Sergey Lavrov tells Ukraine: Meet our proposals or Russian army will decide

Kyiv says it wants a summit to end the war but does not expect Moscow to participate

Russian Foreign Minister Sergey Lavrov said his country's proposals for the 'demilitarisation and denazification' of Ukraine are 'well known to the enemy'. EPA
Beta V.1.0 - Powered by automated translation

Russian Foreign Minister Sergey Lavrov has issued an ultimatum to Ukraine to meet his country's proposals — including surrendering territory controlled by Russia — or allow their fate to be “decided by the Russian army”.

The warning was issued on Monday, the same day Ukraine’s Foreign Minister said his nation wanted a summit to end the war, although he did not expect Russia to take part.

“Our proposals for the demilitarisation and denazification of the territories controlled by the regime, the elimination of threats to Russia's security emanating from there, including our new lands, are well known to the enemy,” Mr Lavrov said, according to state news agency Tass.

“The point is simple: fulfil them for your own good. Otherwise, the issue will be decided by the Russian army.”

Russian President Vladimir Putin said on Sunday he was open to talks, although Ukraine and its western allies dismissed the offer as Moscow's forces battered Ukrainian towns with missiles and rockets.

Russia continues to demand that Ukraine recognises its conquest of a fifth of the country but Kyiv says it will fight until Mr Putin's forces withdraw.

Mr Lavrov said it was “objectively impossible” to maintain normal communication with US President Joe Biden and his US government.

“It is no secret to anyone that the strategic goal of the United States and its Nato allies is to defeat Russia on the battlefield as a mechanism for significantly weakening or even destroying our country,” Mr Lavrov said.

“It is objectively impossible to maintain normal communication with the Biden administration, which declares the infliction of a strategic defeat on our country as a goal.”

On Monday, Ukraine’s Foreign Minister Dmytro Kuleba told AP his government wanted a “peace” summit within two months at the UN, with Secretary General Antonio Guterres as mediator.

The UN was cautious in its response.

“As the Secretary General has said many times in the past, he can only mediate if all parties want him to mediate,” UN associate representative Florencia Soto Nino-Martinez said on Monday.

Mr Kuleba said Russia must face a war-crimes tribunal before his country directly talks with Moscow.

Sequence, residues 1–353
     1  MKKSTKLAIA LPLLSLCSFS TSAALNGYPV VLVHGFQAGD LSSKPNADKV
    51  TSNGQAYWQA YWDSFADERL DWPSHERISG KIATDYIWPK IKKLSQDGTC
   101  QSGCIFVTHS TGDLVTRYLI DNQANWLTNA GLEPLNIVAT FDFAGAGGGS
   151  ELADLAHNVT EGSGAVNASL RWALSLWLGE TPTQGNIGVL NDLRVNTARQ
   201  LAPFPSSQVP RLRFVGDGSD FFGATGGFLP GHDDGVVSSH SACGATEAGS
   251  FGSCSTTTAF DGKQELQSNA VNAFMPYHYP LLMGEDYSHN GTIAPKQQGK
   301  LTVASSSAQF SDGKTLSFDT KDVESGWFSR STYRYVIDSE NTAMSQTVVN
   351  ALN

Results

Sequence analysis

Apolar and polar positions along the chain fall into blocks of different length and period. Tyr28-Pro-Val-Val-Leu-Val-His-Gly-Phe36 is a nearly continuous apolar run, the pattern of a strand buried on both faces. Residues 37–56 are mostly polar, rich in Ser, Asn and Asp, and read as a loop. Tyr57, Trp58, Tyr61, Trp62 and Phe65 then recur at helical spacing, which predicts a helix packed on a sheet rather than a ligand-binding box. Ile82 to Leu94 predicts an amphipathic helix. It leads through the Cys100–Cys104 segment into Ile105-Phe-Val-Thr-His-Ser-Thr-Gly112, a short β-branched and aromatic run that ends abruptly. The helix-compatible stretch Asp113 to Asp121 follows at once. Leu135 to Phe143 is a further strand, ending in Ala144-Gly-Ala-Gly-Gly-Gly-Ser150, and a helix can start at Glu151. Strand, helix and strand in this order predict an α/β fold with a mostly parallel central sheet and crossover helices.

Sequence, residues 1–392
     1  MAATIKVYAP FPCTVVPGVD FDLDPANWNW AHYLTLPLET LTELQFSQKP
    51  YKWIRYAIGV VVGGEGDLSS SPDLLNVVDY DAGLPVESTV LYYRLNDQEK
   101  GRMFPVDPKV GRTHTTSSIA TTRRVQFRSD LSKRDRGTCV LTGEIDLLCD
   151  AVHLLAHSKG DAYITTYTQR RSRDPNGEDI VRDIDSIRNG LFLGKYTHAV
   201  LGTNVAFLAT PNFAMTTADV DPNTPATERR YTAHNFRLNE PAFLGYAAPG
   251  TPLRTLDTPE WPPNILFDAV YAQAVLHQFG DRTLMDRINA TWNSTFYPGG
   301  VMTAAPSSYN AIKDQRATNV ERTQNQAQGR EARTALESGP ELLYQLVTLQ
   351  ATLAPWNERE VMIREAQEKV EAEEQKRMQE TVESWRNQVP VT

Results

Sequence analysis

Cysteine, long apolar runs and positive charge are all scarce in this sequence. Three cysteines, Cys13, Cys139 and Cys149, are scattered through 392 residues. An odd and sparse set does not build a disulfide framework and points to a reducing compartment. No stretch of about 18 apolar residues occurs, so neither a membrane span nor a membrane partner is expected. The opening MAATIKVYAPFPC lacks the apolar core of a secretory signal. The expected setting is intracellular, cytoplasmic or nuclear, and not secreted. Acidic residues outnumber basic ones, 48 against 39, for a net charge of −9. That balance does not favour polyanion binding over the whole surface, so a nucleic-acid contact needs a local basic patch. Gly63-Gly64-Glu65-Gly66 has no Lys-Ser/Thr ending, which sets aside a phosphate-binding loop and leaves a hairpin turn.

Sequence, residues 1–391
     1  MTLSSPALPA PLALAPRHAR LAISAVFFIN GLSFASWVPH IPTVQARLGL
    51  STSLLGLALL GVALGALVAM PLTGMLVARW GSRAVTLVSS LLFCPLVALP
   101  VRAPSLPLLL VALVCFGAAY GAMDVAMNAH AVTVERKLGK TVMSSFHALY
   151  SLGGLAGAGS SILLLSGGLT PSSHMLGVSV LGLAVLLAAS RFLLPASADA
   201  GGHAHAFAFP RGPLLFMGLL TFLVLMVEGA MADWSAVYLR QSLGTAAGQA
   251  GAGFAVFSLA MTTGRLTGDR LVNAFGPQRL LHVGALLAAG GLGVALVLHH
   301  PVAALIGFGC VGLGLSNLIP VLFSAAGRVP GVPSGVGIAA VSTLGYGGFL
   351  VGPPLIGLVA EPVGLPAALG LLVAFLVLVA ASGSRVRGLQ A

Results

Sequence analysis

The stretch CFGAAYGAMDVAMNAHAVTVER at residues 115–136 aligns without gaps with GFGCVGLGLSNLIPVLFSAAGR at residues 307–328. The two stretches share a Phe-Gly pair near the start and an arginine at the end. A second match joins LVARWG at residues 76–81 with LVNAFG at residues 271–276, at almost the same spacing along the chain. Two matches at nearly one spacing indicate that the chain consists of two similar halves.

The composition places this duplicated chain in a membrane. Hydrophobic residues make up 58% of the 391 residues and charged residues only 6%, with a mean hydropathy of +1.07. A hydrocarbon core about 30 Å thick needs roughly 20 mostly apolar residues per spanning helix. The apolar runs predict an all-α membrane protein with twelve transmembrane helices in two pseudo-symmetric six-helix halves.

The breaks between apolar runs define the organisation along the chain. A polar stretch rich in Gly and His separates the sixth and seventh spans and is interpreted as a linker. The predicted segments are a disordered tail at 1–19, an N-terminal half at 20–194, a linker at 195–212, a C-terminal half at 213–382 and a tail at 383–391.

However, other nations should feel free to engage with Moscow, as happened before a grain agreement between Turkey and Russia, he said.

Mr Kuleba also said he was “absolutely satisfied” with the results of President Volodymyr Zelenskyy’s visit to the US last week.

He revealed that the US government had made a special plan to ensure the Patriot missile battery was operational in the country within six months. The training usually takes up to a year.

Ukraine's Foreign Minister Dmytro Kuleba during an interview with AP in Kyiv, Ukraine, on Monday. AP

Ukraine will do whatever it can to win the war in 2023, Mr Kuleba said.

“Every war ends in a diplomatic way,” he said. “Every war ends as a result of the actions taken on the battlefield and at the negotiating table.”

Kremlin spokesman Dmitry Peskov told state news agency RIA Novosti in reply that Russia “never followed conditions set by others. Only our own and common sense”.

Mr Putin launched his invasion of Ukraine on February 24, calling it a “special operation” to “denazify” and demilitarise Ukraine, which he said was a threat to Russia.

Ukraine and the West have called the invasion an imperialist land grab.

The war is now in its 11th month, marked by many embarrassing Russian battlefield setbacks and Ukraine’s successful defence of most of its land.

In the latest attack to expose gaps in Russia's air defences, a drone believed to be Ukrainian penetrated hundreds of kilometres through Russian airspace on Monday, causing a deadly explosion at the main base for its strategic bombers.

Russian forces have been engaged for months in fierce fighting in the east and south of Ukraine, to defend the lands Moscow proclaimed it annexed in September and which make up the broader Ukrainian industrial Donbas region.

The Ukrainian top military command said on Monday that Russian forces carried out 19 attacks over the past day in the area.

Russia's defence ministry said it had advanced its positions in the region, and its missile troops and artillery had hit 63 Ukrainian units in the previous day.

In his nightly video message on Monday, Mr Zelenskyy called the situation along the front line in Donbas “difficult and painful”.

“Bakhmut, Kreminna and other areas in Donbas … require a maximum of strength and concentration,” he said.

“The occupiers are deploying all resources available to them — and these are considerable resources — to make some sort of advance.”

Updated: December 27, 2022, 6:09 AM
EDITOR'S PICKS